Doctors who practice narrative medicine do so with the skill to recognize, absorb, interpret and be moved by stories pertaining to illness. To practice narrative medicine, be it in internal medicine, family medicine, pediatrics, obstetrics, surgery or psychiatry, a physician has to develop the sophisticated skills to read a patient’s body language and attend to what they are saying, particularly psychiatric patients.
If medicine is practiced with these skills, the clinician or trainee has much to offer his/her patient. By listening with attention, he/she can hear and receive in full complexity what the patient is conveying in words, silences, gestures, body positions as well as physical findings.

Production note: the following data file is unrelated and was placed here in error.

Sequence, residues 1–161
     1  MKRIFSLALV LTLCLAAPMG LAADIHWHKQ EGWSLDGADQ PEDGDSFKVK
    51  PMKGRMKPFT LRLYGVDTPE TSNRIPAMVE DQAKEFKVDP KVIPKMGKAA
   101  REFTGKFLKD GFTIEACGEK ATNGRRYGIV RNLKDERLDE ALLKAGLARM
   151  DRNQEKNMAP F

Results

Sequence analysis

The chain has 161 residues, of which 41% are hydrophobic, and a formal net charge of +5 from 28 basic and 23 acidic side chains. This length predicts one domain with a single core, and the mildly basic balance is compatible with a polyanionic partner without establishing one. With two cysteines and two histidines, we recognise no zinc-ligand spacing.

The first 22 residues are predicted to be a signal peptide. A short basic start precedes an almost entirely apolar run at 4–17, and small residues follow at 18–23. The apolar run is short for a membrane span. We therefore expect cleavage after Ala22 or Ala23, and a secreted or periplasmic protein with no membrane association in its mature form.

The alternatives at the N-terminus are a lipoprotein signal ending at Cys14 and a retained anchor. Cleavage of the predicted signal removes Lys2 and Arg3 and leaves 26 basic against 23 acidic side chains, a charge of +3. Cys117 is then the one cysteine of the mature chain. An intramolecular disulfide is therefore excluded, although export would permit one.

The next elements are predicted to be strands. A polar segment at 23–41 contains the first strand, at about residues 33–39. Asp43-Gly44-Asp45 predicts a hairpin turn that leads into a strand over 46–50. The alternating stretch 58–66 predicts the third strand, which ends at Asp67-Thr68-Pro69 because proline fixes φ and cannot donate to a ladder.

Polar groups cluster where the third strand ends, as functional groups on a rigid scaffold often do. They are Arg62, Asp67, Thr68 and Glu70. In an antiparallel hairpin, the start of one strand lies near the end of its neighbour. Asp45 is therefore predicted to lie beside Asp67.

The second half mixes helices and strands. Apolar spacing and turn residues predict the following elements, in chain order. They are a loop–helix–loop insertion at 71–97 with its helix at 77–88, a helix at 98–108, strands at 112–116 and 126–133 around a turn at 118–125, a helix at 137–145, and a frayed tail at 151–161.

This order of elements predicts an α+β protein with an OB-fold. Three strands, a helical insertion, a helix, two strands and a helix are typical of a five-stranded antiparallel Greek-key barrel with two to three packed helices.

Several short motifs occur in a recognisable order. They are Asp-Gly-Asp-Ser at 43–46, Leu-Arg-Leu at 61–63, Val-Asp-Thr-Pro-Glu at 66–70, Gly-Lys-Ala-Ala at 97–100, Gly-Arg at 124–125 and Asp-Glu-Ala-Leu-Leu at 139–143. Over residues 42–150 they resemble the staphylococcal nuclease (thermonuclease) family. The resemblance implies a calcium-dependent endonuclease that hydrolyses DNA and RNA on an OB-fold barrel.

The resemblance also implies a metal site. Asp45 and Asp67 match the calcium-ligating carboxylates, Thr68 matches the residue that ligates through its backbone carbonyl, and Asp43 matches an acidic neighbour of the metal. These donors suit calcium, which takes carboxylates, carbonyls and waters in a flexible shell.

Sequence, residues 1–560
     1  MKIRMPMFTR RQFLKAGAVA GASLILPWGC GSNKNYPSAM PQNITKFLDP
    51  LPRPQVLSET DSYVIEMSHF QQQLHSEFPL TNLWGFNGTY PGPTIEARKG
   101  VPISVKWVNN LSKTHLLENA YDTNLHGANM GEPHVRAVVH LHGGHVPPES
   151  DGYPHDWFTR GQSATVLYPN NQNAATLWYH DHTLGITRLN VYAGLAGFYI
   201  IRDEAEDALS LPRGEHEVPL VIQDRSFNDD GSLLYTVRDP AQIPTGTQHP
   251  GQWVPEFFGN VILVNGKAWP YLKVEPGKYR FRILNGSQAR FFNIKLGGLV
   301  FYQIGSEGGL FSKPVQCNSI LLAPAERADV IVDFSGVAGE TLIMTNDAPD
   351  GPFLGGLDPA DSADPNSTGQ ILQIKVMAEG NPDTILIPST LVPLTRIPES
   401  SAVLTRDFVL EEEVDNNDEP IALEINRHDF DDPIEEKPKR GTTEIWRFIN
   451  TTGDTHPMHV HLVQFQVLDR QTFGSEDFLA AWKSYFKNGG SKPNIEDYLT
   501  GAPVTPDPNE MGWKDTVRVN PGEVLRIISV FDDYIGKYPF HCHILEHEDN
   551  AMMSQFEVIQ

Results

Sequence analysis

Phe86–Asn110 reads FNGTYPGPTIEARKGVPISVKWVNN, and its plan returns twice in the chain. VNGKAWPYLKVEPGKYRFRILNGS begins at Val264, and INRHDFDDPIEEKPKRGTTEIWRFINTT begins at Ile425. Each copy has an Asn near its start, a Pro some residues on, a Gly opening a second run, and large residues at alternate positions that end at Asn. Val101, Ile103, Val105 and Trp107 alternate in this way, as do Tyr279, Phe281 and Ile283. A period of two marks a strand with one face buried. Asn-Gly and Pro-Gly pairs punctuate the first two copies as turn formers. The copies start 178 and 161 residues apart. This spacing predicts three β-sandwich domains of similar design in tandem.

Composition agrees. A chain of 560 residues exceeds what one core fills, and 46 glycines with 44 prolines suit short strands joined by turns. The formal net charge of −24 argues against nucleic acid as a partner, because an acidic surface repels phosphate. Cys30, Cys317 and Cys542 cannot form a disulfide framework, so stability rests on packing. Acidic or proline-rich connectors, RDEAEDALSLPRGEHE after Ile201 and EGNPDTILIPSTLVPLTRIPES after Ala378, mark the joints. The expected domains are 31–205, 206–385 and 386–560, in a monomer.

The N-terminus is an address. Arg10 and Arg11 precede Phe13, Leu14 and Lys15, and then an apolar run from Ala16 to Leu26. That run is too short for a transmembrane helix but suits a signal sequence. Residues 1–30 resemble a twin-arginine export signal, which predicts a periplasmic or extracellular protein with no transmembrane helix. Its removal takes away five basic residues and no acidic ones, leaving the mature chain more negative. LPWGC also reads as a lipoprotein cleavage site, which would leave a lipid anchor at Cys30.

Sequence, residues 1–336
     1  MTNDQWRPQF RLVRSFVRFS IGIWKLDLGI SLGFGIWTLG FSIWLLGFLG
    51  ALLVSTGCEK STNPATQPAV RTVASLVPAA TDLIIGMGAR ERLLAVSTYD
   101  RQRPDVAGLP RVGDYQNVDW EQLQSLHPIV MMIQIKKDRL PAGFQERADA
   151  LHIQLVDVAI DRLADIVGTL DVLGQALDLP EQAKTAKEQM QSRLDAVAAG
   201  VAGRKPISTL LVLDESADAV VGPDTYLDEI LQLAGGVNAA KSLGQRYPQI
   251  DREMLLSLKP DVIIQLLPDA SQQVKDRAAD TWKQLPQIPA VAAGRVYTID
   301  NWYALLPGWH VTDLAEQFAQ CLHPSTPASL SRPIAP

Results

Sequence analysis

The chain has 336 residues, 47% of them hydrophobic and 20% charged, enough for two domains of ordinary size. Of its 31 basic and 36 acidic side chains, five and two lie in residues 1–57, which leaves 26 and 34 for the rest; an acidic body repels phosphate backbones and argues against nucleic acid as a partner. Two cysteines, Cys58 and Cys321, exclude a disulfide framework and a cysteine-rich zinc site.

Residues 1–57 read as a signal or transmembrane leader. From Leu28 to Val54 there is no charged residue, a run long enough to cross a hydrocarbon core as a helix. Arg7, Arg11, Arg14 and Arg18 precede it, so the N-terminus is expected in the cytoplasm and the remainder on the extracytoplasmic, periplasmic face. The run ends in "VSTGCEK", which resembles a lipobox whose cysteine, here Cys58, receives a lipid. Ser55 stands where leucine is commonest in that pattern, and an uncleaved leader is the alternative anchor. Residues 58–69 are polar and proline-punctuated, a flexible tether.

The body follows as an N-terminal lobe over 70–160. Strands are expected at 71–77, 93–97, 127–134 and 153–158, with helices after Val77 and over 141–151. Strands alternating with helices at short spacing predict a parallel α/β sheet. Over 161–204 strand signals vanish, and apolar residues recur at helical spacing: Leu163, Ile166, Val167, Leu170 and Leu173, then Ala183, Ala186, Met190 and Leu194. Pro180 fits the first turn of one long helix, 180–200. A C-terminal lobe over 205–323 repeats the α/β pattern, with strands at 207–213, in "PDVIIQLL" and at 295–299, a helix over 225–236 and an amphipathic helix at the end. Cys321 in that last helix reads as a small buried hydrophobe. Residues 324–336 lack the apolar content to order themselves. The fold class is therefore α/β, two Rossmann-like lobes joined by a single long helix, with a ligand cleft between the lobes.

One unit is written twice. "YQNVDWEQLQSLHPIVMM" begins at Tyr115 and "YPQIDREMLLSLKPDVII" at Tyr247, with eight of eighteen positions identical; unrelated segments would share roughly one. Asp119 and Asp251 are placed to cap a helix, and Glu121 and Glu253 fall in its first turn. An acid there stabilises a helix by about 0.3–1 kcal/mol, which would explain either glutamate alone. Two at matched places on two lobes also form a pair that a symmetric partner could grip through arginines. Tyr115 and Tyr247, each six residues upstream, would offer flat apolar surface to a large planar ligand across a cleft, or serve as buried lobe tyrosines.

As a result, this clinician, by using narrative competence, becomes a witness instead of a judge, a companion instead of an interrogator, an ally instead of a bearer of bad news or the inflictor of discomfort only. This gives the doctor sufficient knowledge to develop a clinically helpful and useful affiliation with the person he is treating.
In my humble opinion, narrative medicine is meant to treat the whole person and not only the illness. If doctors and psychiatrists are able to brush up on their listening skills, life will be a lot easier for their patients.